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Yes, vehicle sales and servicing now allowed - Motoring industry is back in business under Level 4

2020-05-13 09:00

Michelle Lewis

kia dealership

KIA Motors dealership in Sandton, Johannesburg. Image: Kia SA

The Department of Trade, Industry and Competition published a Government Gazette on Tuesday, May 12, which details precise directions regarding the sale of cars and emergency automobile repairs during alert Level 4 of the Covid-19 National State of Disaster.

The directions, effective immediately, allow the motor industry to start selling vehicles once again.

Significantly, car dealers are now allowed to sell both new and used cars while original equipment manufacturers (OEMs) and importers may wholesale new and used cars. Vehicles may also be imported and exported. Trade-in purchases, car lease scheme returns and the wholesale trading of used vehicles are also permitted.

There are three phases to get dealerships to operate at 100% capacity – and these are important to motorists and dealers alike.

Phase One - commencing May 12; expected to end after a fortnight - dealerships and used car outlets can operate with a maximum of 30% of staff members and the majority of car sales must be done remotely (via the internet or telephone). Home deliveries of fully sanitised vehicles are mandatory.

Phase Two - expected to commence on May 26 and last for a fortnight - dealerships and used car outlets can operate with up to 60% of staff members and limited customers can enter the dealership under stringent hygiene and social distancing conditions. On-site pick-ups and deliveries of fully sanitised cars will be allowed.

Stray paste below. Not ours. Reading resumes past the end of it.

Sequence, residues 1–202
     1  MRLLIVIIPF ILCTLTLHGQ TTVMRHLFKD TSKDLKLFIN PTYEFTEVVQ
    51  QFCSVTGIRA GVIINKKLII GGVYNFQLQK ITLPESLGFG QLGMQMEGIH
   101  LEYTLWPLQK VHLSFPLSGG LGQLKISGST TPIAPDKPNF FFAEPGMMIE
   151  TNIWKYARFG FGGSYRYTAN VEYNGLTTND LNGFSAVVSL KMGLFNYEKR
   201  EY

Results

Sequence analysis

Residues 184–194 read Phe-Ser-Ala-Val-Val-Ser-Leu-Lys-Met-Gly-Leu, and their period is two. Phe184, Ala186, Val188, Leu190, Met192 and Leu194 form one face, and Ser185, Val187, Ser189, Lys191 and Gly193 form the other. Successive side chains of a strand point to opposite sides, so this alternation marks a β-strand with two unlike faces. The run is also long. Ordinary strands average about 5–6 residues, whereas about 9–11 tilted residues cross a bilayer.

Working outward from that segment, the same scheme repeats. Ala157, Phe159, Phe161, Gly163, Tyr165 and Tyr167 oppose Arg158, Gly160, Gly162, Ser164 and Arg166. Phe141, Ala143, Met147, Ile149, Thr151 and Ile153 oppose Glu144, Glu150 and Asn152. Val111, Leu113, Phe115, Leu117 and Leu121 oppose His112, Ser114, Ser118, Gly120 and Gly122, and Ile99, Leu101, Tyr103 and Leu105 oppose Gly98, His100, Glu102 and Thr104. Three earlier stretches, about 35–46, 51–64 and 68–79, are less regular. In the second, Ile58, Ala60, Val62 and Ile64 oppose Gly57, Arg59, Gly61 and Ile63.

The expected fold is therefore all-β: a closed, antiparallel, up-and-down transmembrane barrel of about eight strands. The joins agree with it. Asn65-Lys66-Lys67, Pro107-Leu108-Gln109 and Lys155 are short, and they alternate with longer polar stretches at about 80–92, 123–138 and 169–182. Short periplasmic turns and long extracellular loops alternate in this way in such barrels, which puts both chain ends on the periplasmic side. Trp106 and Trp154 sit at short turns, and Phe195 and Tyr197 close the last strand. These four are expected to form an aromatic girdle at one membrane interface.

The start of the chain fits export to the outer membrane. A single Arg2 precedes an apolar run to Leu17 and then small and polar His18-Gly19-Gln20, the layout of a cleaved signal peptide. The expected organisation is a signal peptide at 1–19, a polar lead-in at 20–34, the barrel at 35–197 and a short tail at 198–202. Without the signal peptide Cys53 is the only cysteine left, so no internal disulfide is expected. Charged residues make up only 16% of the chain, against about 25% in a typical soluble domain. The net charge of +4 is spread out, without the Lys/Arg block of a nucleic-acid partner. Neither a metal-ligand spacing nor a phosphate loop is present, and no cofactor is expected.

Phase Three commences on June 8, 2020, and continues until Alert Level 4 is lifted. At this stage, all staff members are allowed to return to work at the dealerships and used car outlets while customers will be allowed on-site (although this will still be kept to a minimum).

In all three phases, test drives can only be arranged on appointment while car auctions must be conducted online.

To support the dealerships, roadworthy assessment and testing centres will open while the National Regulator for Compulsory Specifications (NRCS) will provide homologation services.

Image: iStock

Wheels24's Janine Van der Post says: "Not only is this good news for the industry and the economy in terms of vehicle sales, but also for motorists. We have been inundated with reader queries about vehicle service and warranty concerns. Despite the industry not operating 100% as yet, it's a massive start since emergency vehicles also now be repaired. South Africans need to understand the regulations and adhere to strict protocols and continue to keep strict hygiene habits."

George Mienie, AutoTrader CEO, says: "This directive is undoubtedly good news for motorists and the motor industry alike. Based on an AutoTrader survey, the financial well-being of a whopping 65% of vehicle-buying consumers in South Africa has been negatively impacted by the nationwide lockdown. Many (30% to be precise) are under pressure to replace their vehicle within the next four weeks. This is being reflected in a massive increase in online searches. The highest number of car searches in the Level 4 period was recorded on May 10; we recorded over 1.3-million searches on that day alone. In the last two weeks, enquiries to car dealers have risen by an astounding 69%. 

"Dealers, on the other hand, are under pressure to survive. Another particularly important factor is the decline in consumer finance approval rates. Some dealers are reporting that approval ratings have declined," he reveals.

"The situation is far from ideal. But the good news is that this directive is the best for both motorists and dealers."

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